02/09/2009 1:00AM

If not Well Armed, then Tiago in San Antonio

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LEXINGTON, Ky. - Which version of Well Armed is going to show up in the Grade 2, $200,000 San Antonio Handicap at Santa Anita on Sunday?

If it's the one who won this race last year, along with the Grade 2 San Diego Handicap and the Grade 1 Goodwood, he would be a prime contender. But the concern is that Well Armed finished ninth as the 6-5 favorite in the Breeders' Cup Dirt Mile two races ago, then finished fourth as the 3-2 favorite in the San Pasqual Handicap last time, in his return from a 2 1/2-month layoff. That version of Well Armed probably would continue to burn money with another disappointing performance.

If Well Armed manages to run one of his better races he'll probably enjoy a great trip on the lead, since he has more natural early speed than any of his rivals. If early speed is sticking, the combination of a favorable pace scenario and an advantageous track bias would make him very dangerous. Pay attention to the results of the second race at Santa Anita on Sunday, a 1 1/16-mile route, and the sixth race, at the same 1 1/8-mile distance of the San Antonio, to see how the horses with early speed do in the two route races that will be run prior to the San Antonio.

For now, based on the recent track bias trends in route races at Santa Anita, I'll operate on the assumption that a speed bias probably won't be the key handicapping factor in this race. Under that scenario, I'll give the call to Tiago as my top pick. He ran a huge race when he finished third, 2 1/2 lengths behind Raven's Pass and a neck ahead of Curlin, in the Breeders' Cup Classic. His 59.40-second work at Hollywood five days ago suggests that he should be set to run a good race in his first start since the Breeders' Cup.

I'll make Well Armed my second selection.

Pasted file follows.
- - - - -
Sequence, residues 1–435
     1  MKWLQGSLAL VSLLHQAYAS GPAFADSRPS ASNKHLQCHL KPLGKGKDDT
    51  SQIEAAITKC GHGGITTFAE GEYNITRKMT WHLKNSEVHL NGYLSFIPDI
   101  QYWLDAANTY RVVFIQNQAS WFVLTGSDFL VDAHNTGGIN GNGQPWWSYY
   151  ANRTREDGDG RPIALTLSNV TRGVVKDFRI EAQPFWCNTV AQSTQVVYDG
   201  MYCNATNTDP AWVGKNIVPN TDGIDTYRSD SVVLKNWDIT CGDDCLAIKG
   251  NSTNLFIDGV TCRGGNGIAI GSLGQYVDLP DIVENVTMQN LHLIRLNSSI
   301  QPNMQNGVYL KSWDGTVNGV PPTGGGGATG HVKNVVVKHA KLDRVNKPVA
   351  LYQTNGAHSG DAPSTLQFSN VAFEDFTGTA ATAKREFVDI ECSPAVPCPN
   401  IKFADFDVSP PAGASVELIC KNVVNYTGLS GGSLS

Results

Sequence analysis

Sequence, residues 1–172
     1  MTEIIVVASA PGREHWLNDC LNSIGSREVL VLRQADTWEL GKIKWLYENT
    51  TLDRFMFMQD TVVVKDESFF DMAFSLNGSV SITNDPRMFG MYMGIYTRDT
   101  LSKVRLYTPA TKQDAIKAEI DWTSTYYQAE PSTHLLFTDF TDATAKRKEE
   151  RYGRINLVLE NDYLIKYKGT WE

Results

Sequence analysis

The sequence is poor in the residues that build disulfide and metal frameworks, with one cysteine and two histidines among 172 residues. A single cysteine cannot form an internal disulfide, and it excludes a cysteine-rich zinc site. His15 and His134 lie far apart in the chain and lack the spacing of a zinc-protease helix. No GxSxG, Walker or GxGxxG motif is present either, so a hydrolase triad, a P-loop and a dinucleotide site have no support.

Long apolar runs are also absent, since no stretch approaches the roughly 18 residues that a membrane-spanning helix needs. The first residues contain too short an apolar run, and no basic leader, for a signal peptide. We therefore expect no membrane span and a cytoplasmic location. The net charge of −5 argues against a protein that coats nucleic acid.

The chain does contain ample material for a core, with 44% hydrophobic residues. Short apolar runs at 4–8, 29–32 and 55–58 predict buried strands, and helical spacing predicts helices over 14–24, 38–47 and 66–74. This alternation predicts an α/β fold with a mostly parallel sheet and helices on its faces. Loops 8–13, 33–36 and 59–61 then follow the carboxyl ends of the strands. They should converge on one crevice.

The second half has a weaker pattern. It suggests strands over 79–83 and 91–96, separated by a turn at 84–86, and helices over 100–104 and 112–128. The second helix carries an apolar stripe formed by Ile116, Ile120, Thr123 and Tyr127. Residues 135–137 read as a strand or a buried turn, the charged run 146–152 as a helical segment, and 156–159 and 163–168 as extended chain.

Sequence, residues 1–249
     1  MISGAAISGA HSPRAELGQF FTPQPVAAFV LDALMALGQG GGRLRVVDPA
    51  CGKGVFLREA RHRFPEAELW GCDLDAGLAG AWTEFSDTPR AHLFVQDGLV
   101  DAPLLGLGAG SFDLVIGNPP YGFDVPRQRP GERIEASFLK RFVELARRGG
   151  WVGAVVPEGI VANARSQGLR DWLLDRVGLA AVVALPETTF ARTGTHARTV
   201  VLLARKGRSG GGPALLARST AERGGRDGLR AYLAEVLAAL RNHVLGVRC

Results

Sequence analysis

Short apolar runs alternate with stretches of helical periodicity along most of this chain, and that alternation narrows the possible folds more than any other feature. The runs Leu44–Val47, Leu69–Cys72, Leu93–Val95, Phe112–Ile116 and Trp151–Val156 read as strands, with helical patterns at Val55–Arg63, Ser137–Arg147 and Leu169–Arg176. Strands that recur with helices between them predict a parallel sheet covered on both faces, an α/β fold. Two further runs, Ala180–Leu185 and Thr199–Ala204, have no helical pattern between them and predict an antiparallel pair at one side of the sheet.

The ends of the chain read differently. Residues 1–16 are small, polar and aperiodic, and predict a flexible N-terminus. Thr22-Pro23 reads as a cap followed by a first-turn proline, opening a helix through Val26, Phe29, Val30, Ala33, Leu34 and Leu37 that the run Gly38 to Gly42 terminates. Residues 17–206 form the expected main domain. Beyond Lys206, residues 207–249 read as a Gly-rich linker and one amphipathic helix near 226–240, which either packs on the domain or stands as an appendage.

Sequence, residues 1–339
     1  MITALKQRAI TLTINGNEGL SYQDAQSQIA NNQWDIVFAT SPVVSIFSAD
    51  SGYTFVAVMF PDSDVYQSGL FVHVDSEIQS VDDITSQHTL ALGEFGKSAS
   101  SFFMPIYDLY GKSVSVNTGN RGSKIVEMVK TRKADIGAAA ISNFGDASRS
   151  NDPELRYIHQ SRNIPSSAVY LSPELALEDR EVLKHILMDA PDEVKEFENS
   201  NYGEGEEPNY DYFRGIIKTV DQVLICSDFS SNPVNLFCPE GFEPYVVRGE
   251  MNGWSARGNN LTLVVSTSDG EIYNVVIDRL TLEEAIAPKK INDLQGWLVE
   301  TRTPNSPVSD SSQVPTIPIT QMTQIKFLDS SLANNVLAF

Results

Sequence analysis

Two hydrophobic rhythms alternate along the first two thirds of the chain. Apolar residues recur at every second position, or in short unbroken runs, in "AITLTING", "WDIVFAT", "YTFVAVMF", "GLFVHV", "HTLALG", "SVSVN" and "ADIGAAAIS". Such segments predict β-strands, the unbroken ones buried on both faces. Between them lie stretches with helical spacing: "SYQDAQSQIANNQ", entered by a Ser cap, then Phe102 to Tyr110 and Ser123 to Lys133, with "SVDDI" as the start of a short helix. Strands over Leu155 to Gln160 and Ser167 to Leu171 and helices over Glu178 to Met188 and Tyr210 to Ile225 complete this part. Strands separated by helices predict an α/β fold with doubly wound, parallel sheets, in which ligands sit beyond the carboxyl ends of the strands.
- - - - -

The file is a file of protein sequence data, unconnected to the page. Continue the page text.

Champs Elysees is an intriguing contender. He ran against Grade 1 company in each of his last six races, with wins in the Northern Dancer, and the Hollywood Turf Cup. Although 19 of his 21 races have been on the grass, he likes Santa Anita's synthetic surface, as evidenced by his third in the Grade 1 Santa Anita Handicap and an eighth-place finish in the Breeders' Cup Classic, just 2 3/4 lengths behind Tiago. The primary concern is that he does his best running at distances longer than 1o1/8 miles. So I'll pick him third.

Ferneley has raced on turf exclusively. He was a close second in the Grade 2 San Gabriel two races ago, then was a close third in the Grade 2 San Marcos. He has trained well on Santa Anita's main track, and can earn a spot in the exotics if he is able to match his turf form on the Pro-Ride surface.

Annabill can grass at Gulfstream

Gulfstream also has a turf stakes carded on Sunday. A field of nine Florida-bred fillies and mares are scheduled to compete at a mile in the $75,000 Marion County.

Annabill shows just four turf starts from 40 career races, but her form on that surface is about as good as her form on dirt. That's a good thing, because her main-track races against open stakes company are good enough to give her an edge over the opponents she'll see in this Florida-bred field. She might not take as much betting support as she deserves since many handicappers are likely to prefer a grass specialist.

Julia Tuttle ran an improved race last time when she dueled most of the way, tired, and finished fourth as a 27-1 longshot in the Sunshine Millions Filly and Mare Turf. She'll contend if she runs as well today, and she should appreciate cutting back from 1 1/8 miles to a mile.

Scolara finished fourth in the Grade 3 Valley View at Keeneland, and third in the Grade 2 Mrs. Revere at Churchill last year. She also ran well when she finished second in a blanket finish in the Pago Hop at Fair Grounds. The concern is that she didn't show nearly as much tactical speed in her last four races as she did in some of her earlier races. She'll need to make an earlier move into striking position to maximize her chances at this distance as she returns from a two-month layoff.